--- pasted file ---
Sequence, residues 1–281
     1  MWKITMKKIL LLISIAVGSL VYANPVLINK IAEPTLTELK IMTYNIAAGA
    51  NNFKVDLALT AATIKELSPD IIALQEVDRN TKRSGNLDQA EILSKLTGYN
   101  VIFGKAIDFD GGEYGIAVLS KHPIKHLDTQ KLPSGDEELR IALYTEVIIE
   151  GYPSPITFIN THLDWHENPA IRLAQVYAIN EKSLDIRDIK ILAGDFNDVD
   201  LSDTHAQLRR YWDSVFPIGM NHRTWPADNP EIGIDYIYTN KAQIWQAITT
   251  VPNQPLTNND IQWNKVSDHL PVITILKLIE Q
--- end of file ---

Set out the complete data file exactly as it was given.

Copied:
Sequence, residues 1–281
     1  MWKITMKKIL LLISIAVGSL VYANPVLINK IAEPTLTELK IMTYNIAAGA
    51  NNFKVDLALT AATIKELSPD IIALQEVDRN TKRSGNLDQA EILSKLTGYN
   101  VIFGKAIDFD GGEYGIAVLS KHPIKHLDTQ KLPSGDEELR IALYTEVIIE
   151  GYPSPITFIN THLDWHENPA IRLAQVYAIN EKSLDIRDIK ILAGDFNDVD
   201  LSDTHAQLRR YWDSVFPIGM NHRTWPADNP EIGIDYIYTN KAQIWQAITT
   251  VPNQPLTNND IQWNKVSDHL PVITILKLIE Q